1.15               The cost of administering the ESOS Act and the Commonwealth Register of Institutions and Courses for Overseas Students is funded by a compulsory registration fee payable by all registered providers who intend on providing services to international students. The ESOS (Registration Charges) Amendment Bill will amend the way that fees are set by adopting a risk management approach to the fee structure.

1.16               The Bill provides the following registration fee structure:

n  all registered providers will continue to pay a compulsory annual registration fee based on a flat fee plus a charge for total enrolments and courses provided;

n  if compliance action has been taken against a provider in the previous year, an additional fee is payable;

n  for a course of less than 13 weeks duration, each student is considered 0.25 of an enrolment and for a course between 13 and 26 weeks duration, each student is 0.5 of an enrolment; and

n  new providers will be required to pay a scaled ‘entry to market’ fee reducing over the course of three years, in recognition of the higher compliance and supervision costs associated with new providers.

Submitter concerns

1.17               Of the 22 submissions received, 20 were from industry stakeholders. Several points of concern emerged across submissions from industry peak bodies and service providers relating to specific proposals in the Bills. The Committee pursued these matters at a public hearing with representatives of the Department of Education, Employment and Workplace Relations DEEWR). Stakeholder concerns focused on:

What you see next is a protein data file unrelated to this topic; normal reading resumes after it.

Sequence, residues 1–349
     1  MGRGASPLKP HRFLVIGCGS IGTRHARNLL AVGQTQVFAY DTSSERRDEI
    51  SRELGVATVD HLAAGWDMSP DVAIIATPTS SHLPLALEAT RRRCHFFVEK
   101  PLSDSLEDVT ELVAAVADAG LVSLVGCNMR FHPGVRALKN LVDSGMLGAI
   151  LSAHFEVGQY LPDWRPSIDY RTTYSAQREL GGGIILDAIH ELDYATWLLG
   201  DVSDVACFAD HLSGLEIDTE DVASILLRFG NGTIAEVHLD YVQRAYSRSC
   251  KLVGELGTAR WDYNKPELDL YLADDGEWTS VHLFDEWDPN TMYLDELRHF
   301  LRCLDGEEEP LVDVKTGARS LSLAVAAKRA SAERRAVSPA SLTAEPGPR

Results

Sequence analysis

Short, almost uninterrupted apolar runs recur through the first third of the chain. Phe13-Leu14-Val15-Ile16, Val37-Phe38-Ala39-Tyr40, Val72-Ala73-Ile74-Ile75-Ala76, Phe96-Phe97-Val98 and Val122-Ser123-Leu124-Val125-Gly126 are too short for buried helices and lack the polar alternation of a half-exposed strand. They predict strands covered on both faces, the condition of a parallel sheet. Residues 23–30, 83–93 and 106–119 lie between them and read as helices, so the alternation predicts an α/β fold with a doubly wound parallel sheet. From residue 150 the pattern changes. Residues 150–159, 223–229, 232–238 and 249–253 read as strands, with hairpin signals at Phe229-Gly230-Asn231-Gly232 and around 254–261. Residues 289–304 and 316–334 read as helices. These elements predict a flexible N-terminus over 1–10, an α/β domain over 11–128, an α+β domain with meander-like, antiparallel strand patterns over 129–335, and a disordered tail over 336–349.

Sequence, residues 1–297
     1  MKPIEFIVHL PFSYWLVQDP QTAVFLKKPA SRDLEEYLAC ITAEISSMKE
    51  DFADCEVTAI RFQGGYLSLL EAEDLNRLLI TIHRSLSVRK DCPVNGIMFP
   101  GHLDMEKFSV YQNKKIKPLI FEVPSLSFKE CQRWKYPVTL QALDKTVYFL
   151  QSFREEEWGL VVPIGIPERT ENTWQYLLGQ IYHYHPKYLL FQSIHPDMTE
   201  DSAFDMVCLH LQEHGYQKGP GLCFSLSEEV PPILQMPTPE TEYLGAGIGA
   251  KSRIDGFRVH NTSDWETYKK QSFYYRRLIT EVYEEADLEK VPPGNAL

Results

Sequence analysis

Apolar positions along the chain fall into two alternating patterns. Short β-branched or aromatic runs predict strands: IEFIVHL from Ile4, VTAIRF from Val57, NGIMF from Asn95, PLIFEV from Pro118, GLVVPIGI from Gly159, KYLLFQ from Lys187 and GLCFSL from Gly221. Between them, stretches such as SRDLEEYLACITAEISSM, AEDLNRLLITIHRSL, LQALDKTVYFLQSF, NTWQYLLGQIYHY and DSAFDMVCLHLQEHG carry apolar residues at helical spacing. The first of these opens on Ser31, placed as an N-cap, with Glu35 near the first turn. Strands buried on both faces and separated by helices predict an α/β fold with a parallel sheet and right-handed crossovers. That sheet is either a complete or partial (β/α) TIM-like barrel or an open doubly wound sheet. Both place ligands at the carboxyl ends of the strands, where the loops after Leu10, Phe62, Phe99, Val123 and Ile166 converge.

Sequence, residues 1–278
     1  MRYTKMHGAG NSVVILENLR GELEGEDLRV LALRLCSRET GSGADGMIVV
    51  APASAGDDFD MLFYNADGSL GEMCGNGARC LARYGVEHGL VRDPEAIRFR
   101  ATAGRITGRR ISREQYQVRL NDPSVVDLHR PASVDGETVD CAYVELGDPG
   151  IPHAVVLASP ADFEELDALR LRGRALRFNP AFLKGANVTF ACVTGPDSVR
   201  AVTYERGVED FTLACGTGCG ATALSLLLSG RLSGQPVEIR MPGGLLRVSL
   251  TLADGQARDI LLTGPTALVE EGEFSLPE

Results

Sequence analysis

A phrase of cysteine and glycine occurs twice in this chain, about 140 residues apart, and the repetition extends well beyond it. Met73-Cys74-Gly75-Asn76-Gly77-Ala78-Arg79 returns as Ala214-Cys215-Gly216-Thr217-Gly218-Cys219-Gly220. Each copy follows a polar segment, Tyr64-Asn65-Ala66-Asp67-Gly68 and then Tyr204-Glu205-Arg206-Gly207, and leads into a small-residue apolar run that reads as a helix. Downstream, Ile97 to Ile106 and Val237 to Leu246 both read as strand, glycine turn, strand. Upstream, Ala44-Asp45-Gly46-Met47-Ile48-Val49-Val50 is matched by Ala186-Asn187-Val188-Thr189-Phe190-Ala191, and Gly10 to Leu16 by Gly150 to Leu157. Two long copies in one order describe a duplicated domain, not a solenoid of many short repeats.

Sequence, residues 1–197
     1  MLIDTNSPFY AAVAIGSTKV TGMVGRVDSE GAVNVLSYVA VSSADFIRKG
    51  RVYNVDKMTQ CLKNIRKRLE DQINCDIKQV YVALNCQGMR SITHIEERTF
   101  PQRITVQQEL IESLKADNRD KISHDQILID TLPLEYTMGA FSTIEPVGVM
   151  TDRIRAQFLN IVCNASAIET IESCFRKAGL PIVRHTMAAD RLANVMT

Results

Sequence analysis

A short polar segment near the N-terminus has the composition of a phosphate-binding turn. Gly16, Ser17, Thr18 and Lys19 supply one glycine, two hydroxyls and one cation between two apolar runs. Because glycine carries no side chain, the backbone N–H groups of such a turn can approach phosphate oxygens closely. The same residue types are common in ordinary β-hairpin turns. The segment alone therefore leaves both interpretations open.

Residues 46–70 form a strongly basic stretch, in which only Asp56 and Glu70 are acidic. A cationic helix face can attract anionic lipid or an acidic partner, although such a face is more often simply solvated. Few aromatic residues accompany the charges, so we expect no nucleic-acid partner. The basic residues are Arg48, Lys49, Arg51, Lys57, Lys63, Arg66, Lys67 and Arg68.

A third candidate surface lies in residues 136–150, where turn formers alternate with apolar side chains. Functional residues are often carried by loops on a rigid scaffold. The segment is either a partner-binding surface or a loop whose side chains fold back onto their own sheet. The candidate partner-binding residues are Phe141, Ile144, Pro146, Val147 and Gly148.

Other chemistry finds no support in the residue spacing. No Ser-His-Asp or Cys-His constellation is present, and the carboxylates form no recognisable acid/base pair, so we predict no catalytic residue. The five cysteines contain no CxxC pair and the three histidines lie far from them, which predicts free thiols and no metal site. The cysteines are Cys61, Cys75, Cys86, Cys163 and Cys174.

n  the proposed timeline to commencement of measures;

n  the definition of and requirements associated with provider defaults, particularly:

->    the definition of location at which a course is provided, particularly as this relates to multi-campus providers; and

->    notification timeframes required for provider defaults;

n  the definition of and requirements associated with student defaults, particularly;

->    with regard to student commencement dates; and

->    notification timeframes required for student defaults;

n  the requirement to set maximum periods of study;

n  the requirement that no more than 50 per cent of pre-paid fees be collected and that these fees be collected no more than two weeks prior to the course commencement; and

n  record keeping requirements.

Implementation timeframe